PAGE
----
Like snowboarding gear and winter boots, formal wear is one of those things that requires significant storage space. Unlike puffy nylon coats, you can’t toss suit jackets and pants into a duffel bag to shove under your bed, nor can you drop leather dress shoes into a plastic bin with the rest of your plebeian sneakers.
These well-made, fancy (read: expensive) items deserve — nay, demand — good treatment, especially if you want to make them last for another few years of wedding seasons and office presentations.
Read on to learn everything you need to know about cleaning, storing, and caring for your suits, dress shirts, pants, and shoes.
The key to cleaning your suit is regular maintenance. After you wear it, follow these steps:
- Using a suit brush, brush the fabric in a downward motion to remove dust, dead skin, hair, or food particles. Follow it up with a lint roller if you want your suit spotless.
- Check for any small stains, then do a spot treatment using a stain remover or a clean cloth and a squirt of mild detergent.
- Steam your suit before you hang it up to air-dry. It’s a gentle, efficient way to refresh it, minimize odor, and eliminate wrinkles.
If you take these steps and your suit still has stains or smells ripe, bring it to the dry cleaners. Just remember: the chemicals and products used at dry cleaning establishments are notoriously harsh on suit fabrics and can cause a lot of wear and tear to your digs over time. Dry cleaning your suit occasionally (and as a last resort) is totally fine — just don’t go overboard.
If you do take your suit to the dry cleaners, ditch the plastic cover they provide — it can trap gases inside and cause moisture buildup and mildew.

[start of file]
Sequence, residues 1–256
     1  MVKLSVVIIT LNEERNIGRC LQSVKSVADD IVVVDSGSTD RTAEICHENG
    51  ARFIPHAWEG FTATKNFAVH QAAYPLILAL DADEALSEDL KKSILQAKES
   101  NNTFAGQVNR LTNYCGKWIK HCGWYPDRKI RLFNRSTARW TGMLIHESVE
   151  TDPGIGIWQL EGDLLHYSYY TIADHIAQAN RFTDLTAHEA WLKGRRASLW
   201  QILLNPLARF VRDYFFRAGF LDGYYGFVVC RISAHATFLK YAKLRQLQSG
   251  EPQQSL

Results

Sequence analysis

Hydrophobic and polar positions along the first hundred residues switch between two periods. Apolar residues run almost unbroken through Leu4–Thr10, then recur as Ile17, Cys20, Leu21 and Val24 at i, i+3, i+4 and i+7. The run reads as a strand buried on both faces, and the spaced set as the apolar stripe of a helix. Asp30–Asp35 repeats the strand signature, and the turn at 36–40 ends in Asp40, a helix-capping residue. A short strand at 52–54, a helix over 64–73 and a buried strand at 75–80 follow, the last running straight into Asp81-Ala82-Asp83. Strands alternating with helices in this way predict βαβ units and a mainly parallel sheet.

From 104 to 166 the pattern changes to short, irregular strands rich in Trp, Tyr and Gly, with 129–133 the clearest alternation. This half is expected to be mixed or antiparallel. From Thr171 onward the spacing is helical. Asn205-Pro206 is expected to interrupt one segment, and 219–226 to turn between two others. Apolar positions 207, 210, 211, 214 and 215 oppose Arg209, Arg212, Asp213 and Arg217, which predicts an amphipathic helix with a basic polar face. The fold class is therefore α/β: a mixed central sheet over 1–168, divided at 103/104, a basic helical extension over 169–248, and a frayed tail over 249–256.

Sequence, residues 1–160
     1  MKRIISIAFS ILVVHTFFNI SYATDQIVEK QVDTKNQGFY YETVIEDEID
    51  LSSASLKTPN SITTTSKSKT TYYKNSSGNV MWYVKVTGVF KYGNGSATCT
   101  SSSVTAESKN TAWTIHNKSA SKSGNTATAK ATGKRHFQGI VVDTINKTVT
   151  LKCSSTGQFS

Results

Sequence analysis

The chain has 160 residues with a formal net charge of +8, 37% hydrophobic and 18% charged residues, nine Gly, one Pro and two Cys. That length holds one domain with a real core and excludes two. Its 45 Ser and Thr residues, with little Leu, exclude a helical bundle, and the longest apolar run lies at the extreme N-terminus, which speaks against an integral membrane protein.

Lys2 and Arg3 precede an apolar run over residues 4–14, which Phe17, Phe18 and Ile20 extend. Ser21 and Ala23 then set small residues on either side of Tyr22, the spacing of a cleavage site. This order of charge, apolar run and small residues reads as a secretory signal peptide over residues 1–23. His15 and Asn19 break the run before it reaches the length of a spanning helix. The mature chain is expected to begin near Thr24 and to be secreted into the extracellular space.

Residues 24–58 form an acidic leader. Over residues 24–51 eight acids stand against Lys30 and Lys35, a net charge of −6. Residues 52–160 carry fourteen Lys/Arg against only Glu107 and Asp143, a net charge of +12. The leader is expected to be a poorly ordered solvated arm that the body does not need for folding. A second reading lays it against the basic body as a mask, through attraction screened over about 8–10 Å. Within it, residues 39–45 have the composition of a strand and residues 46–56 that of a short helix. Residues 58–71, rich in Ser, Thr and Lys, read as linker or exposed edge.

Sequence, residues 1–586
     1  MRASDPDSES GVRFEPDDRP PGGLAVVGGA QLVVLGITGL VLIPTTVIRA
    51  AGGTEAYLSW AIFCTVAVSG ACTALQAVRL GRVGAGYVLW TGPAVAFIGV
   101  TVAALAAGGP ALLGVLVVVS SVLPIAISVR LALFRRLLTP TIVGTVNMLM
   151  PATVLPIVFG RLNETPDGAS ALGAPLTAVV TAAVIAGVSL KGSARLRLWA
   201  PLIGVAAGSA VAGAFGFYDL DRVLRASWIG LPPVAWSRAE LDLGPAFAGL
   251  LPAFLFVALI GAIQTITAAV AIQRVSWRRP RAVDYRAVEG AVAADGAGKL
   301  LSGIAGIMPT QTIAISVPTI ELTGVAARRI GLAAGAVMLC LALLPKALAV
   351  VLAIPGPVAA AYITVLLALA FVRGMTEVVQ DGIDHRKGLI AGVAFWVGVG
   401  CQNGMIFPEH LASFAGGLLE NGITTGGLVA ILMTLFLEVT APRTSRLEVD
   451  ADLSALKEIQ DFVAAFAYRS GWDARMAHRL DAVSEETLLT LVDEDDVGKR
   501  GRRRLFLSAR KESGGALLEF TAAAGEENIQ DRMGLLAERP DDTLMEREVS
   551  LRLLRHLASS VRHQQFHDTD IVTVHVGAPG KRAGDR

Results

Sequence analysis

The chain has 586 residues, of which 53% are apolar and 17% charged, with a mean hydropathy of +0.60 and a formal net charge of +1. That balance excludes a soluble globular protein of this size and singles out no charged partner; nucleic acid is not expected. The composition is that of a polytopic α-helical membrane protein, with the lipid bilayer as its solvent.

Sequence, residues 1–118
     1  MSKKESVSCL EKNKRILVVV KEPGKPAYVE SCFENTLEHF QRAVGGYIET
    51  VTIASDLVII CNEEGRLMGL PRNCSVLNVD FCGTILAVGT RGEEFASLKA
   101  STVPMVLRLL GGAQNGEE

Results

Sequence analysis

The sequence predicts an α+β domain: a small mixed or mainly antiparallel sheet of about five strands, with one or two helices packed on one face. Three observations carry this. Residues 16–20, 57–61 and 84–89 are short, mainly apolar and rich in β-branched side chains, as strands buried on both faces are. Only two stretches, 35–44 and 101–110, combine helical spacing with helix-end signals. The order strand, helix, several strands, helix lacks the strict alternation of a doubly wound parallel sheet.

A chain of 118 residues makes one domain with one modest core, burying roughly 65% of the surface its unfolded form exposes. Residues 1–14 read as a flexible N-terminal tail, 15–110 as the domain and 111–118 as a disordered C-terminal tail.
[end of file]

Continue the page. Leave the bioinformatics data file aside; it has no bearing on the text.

The best way to store a suit so it lasts is to hang it somewhere cool, dry, and away from sunlight. Use a widespread, sturdy wooden hanger with rounded edges to hold the shape of your suit, and cover it with a cloth garment bag to protect it from dust, moths, and mildew. If you have multiple suits, space them out evenly on your hanging bar — if they’re crammed together, they won’t ventilate properly.
It’s a known fact that folding your suit and stuffing it into a storage box is a cardinal sin, but if you’re moving, traveling, or transferring your suit to storage, you can use a portable garment bag like the one below. It’ll keep your suit in good shape until you can bring it home to its hanger.
2- Dress Shirts:
You can send your button-downs to the dry cleaners, but it’s best to wash them at home if you want to preserve the fabric. Here’s what you need to do:
- First, unbutton everything, including the cuffs, and remove any collar stays before washing.
- Pre-treat stains by dabbing a bit of detergent on them and letting it soak for five to 10 minutes.
- Before you do anything, check the care tags. If your shirts are machine-washable, separate your lights from darks and put them on a delicate cycle with cold water. If you need to hand-wash your shirts, fill a clean tub or sink with cold water and mild detergent, then gently swish your shirts in the water to clean them.
- Hang your shirts on a wide wooden hanger to air-dry.